So what do you guys think? Is this WTF worthy? Is Antonson off his rocker in his assessment of single player as a gimmick? Does every game need some kind of social component in order to truly matter? Go!
One PC gaming series I’ve always admired is Total War, mostly because of its adherence to large scale, semi-historically accurate battles. Last year’s Total War: Shogun 2 took us back to medival Japan, and for the next installment, Creative Assembly is taking another crack at classical antiquity with Total War: Rome 2. A recently released video from the developers showcases the upgrades they’re making including the new cinematic camera.
The fact that this game is just pre-alpha is kind of astounding and I can’t wait to try out the finished product. Total War is one of those series that makes PC gaming really shine. What did you guys think of the video?
Man, there has been a binder full of games coming out the past week, and it just isn’t going to stop until December. I’m still finding things to do in Borderlands 2 (like the recently release DLC) and I’m neck-deep in XCOM: Enemy Unknown. I’ve also been playing Pokemon White: Version 2 and Sonic Adventure 2, and Sleeping Dogs sits on my shelf, waiting to be unwrapped.
Truth be told, I don’t know if I’m going to have time for anything other than XCOM. It’s just so good, and really, really difficult. You’re constantly spinning plates when it comes to managing the metagame, and I’ve got at least four countries sitting on Level 4 Panic while I hurry up and wait for my satellites to build. If I play that game through again, I’m going to start building power generators and satellite facilities from the get-go just so I can have a stable of the damn things ready to launch if things start to go off the rails.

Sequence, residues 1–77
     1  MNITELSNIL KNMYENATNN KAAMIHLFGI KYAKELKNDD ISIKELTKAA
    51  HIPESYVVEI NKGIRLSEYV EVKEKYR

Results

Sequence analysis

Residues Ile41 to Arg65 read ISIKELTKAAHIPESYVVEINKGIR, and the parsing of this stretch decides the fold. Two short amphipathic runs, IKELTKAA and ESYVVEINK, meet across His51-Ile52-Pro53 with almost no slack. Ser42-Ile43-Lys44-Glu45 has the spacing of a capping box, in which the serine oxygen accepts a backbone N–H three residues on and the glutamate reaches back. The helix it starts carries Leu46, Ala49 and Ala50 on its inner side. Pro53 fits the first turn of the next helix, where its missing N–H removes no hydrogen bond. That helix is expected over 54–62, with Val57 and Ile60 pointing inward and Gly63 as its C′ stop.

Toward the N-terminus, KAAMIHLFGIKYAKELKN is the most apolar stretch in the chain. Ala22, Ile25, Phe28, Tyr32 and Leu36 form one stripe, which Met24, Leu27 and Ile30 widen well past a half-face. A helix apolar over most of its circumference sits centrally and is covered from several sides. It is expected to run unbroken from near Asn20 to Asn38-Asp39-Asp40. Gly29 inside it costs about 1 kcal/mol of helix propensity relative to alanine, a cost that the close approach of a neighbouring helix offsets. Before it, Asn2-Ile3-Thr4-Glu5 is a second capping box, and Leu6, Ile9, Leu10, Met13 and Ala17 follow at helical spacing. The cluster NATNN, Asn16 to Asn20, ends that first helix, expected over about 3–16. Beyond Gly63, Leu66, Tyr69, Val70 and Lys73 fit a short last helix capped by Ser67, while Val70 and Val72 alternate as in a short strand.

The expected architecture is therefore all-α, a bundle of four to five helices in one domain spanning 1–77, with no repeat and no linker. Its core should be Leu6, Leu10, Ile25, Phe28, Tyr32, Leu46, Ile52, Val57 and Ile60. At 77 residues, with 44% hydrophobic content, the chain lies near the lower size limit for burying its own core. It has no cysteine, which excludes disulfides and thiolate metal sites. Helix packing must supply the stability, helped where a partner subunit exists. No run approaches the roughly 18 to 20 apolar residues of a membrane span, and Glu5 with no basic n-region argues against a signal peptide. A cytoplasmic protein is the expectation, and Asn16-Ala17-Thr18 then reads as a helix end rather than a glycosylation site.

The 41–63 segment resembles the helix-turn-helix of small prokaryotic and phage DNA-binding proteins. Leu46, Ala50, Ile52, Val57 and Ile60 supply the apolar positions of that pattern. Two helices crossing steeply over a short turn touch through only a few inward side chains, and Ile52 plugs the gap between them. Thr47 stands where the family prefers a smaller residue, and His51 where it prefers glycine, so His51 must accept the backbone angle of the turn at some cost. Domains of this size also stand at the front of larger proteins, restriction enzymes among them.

I’ve also been quite tempted to pick up Dishonored, but I’ve heard mixed things about it despite the overwhelmingly positive reviews. While the game is being praised for a lot of things, I hear that it really can be quite short, and the stealth mechanics are a little fuzzy when it comes to determining whether or a not a guard can actually see you. After Mark of the Ninja (apples and oranges I know) managed to pull off communicating this so well, and games like Chronicles of Riddick have done it too, I feel like Dishonored could have been more tuned up in this area. That said, I haven’t actually played it, so feel free to tell me if I’m talking out of my butt.